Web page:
Click here to see latest events

Motor Insurance Premiums: the reasons behind the increases

Motor Insurance premiums continuously rise but do you know the reasons behind the increases?

The construction techniques of vehicles are constantly evolving. We are building lighter, stronger vehicles with steel alloys, aluminium and carbon fibre to reduce the vehicle weight and emissions. At the same time, occupant safety is continually being improved which has seen the introduction of AEB (Autonomous Emergency Braking) and ADAS (Advance Driver Assistance Systems) being fitted.

The introduction of ADAS should bring a real benefit to all of us as it alerts drivers to potential problems with the use of cameras and sensors on the vehicle.  This should dramatically reduce the number of fatalities and is a step change in road safety.  Unfortunately, this also means even the simple replacement of a windscreen is no longer a straight forward procedure.  The process of a windscreen replacement can now involve the vehicle having to be recalibrated in a controlled environment, pushing the cost of a replacement windscreen up from a few hundred pounds to over a £1,000. A bumper claim is no longer just a bumper replacement; it has sensors, cameras and even radars increasing the repair costs by an average of 36%. So, although the number of accidents should be reduced, the repair costs of any damage have significantly increased.

As well as the change in construction we are also seeing a huge demand for alternative fuelled vehicles.  In the last year alone the demand for alternative fuelled vehicles grew by 6.3%, with plug-in hybrids soaring by 133% to over 18,000 vehicles. Public electric vehicle charging points are expected to outnumber petrol stations by 2020.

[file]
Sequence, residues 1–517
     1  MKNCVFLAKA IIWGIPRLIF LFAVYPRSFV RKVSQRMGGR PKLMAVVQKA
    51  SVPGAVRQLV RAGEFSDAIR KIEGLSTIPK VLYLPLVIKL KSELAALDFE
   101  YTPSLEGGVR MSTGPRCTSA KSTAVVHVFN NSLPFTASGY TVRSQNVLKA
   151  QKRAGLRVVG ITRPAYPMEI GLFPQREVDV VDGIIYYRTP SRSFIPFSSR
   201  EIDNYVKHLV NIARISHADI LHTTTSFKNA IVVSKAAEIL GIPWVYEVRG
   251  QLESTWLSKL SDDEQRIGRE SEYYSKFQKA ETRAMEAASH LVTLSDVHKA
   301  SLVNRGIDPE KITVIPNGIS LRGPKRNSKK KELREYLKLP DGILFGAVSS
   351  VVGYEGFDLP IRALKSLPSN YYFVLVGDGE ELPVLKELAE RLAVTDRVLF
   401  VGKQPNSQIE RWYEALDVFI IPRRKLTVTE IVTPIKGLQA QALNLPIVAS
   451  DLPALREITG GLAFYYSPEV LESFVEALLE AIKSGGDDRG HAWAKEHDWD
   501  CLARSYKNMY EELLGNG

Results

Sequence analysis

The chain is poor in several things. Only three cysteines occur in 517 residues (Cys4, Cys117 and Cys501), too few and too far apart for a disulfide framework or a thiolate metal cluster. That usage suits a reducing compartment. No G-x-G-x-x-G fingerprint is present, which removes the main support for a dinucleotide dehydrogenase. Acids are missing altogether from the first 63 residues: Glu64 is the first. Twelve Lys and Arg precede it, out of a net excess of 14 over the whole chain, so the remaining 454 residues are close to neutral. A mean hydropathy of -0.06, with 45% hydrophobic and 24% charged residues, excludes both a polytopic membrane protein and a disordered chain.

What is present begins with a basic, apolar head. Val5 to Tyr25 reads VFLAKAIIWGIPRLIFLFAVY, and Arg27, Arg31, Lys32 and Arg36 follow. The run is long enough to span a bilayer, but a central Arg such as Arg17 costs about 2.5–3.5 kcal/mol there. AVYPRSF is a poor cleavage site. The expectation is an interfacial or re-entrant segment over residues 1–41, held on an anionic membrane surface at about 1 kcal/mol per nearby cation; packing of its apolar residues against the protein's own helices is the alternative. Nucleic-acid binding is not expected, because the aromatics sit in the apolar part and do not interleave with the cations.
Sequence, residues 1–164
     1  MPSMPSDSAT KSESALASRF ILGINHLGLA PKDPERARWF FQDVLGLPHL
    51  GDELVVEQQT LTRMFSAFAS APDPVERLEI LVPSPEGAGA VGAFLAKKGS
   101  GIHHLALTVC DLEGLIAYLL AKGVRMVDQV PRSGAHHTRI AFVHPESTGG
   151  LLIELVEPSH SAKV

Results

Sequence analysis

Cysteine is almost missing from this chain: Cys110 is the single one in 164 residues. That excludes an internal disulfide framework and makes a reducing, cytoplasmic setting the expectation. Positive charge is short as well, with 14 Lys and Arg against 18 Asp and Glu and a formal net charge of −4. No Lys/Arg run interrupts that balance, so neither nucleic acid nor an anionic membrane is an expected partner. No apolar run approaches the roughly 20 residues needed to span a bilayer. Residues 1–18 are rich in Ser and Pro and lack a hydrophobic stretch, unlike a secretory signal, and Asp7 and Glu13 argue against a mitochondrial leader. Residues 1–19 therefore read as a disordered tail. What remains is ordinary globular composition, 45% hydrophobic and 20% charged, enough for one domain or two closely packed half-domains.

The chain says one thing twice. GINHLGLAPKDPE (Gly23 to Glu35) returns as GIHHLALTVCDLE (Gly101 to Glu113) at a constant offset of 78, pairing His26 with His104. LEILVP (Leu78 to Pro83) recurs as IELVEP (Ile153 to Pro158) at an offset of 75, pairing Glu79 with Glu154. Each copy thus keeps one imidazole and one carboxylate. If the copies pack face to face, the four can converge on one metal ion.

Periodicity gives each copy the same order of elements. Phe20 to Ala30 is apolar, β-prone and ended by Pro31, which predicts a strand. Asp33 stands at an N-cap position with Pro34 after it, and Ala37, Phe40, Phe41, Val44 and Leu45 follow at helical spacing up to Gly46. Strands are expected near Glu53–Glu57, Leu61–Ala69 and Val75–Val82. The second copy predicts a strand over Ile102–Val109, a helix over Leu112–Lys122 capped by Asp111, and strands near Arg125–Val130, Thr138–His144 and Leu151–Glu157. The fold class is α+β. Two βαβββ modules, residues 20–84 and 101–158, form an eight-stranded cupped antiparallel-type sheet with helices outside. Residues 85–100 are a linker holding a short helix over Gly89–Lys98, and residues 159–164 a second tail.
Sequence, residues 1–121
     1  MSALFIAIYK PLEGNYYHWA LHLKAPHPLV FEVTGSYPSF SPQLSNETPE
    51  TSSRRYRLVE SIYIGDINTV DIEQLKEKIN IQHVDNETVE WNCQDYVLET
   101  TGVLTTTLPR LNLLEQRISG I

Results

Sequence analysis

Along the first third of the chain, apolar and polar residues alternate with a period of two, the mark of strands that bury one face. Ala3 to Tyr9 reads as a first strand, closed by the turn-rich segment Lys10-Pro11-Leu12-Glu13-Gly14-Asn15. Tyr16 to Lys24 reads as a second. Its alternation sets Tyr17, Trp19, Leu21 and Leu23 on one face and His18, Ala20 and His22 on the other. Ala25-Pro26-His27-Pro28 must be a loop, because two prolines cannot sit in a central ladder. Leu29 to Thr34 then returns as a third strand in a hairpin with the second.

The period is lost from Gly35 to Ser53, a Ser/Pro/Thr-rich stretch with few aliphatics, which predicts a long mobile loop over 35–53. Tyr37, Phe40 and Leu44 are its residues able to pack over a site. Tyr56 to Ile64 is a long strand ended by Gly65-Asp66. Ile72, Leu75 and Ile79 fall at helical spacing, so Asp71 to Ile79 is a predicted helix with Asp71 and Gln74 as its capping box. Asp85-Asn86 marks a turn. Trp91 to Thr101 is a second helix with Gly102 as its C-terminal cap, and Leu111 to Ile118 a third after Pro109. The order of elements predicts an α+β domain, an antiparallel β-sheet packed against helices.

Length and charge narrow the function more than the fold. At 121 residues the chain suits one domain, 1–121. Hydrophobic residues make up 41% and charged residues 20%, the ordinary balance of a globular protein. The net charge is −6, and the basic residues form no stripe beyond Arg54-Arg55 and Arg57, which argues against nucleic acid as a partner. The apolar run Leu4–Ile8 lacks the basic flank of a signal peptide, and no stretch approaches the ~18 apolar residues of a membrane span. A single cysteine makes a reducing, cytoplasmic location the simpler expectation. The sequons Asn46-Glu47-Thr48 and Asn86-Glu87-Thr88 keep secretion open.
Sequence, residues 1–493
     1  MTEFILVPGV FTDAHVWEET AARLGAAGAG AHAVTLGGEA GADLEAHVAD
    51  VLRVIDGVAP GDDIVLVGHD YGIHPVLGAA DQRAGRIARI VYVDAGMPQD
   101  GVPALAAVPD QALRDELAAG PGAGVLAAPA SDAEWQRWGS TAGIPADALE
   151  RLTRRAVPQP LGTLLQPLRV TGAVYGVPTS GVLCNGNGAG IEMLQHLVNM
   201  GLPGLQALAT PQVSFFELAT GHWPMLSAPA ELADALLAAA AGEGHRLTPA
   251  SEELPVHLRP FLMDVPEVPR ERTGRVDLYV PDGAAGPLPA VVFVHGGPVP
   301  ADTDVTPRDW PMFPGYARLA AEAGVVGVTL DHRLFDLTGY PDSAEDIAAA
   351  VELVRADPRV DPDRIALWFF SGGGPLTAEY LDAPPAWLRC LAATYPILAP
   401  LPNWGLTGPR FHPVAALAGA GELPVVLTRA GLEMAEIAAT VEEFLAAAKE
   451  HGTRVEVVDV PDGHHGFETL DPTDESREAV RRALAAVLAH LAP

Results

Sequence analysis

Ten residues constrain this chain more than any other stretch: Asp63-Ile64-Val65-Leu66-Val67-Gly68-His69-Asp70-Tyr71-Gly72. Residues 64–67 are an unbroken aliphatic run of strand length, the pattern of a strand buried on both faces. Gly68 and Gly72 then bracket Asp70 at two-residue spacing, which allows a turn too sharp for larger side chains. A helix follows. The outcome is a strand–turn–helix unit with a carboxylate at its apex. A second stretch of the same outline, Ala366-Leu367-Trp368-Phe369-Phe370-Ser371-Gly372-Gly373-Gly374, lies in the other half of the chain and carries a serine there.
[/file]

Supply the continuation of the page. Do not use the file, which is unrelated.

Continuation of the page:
There are some real challenges the industry faces with regards to the repair of electric and hybrid vehicles, as they require specialist equipment and knowledge often requiring cars to be repaired by the manufacturer.  Some manufacturers are insisting vehicles that are involved in low impact, low speed collisions are inspected for possible battery damage where previously no claim would be made. 

In the last couple of years insurers have seen the first real increase in theft claims since 2003.  In fact in the last 12 months thefts have risen by 11%.  Thieves are now using modern electronic technology to bypass manufacturers’ security systems.  This type of crime is referred to as keyless theft or electronic compromise.  Thieves don’t need to steal the keys to take the car.    Insurers are seeing two distinct types of keyless thefts.  The first being where the keys handed over for legitimate reasons e.g. a car wash, airport parking, valet parking or at a hotel or restaurant.  Organised gangs are exploiting this, placing people into these job roles simply to get access to the vehicles.  It then takes the gangs less than 10 seconds to replicate the key allowing them to take the vehicle at their leisure.  The second is called ‘Immediate Theft’. This is where thieves hack into the OBD system, override the alarm and program a new key.  The whole process can take less than 20 seconds.  Unfortunately the equipment used to steal the vehicles is not illegal to buy and is readily available on the internet; it even includes tutorials on how to use it!  Worryingly there are approximately 13,000 suppliers offering this equipment on the internet.

All of this coupled with the rise in Insurance Premium Tax to 12% in June, the change in the Ogden Rate (which is used by insurers to calculate compensation claims) doesn’t paint a rosy picture for insurance premiums for us motorists going forward. However, insurers are currently trialling a new device called an OBD Protector (On Board Defence). This is a hardware solution which permanently integrates into the vehicle without the need to cut into the wiring, therefore doesn’t affect the vehicle’s warranty.  It works by stopping information travelling to the OBD port and prevents the thief from accessing the information.

This is a really exciting development in vehicle security and the device costs approx. £300 with no ongoing fee.  If trials are successful, it may be an alternative to having a tracker fitted and reduce keyless thefts dramatically.

By Clare CarbyPrivate Client Manager



Leave a Reply

Your email address will not be published. Required fields are marked *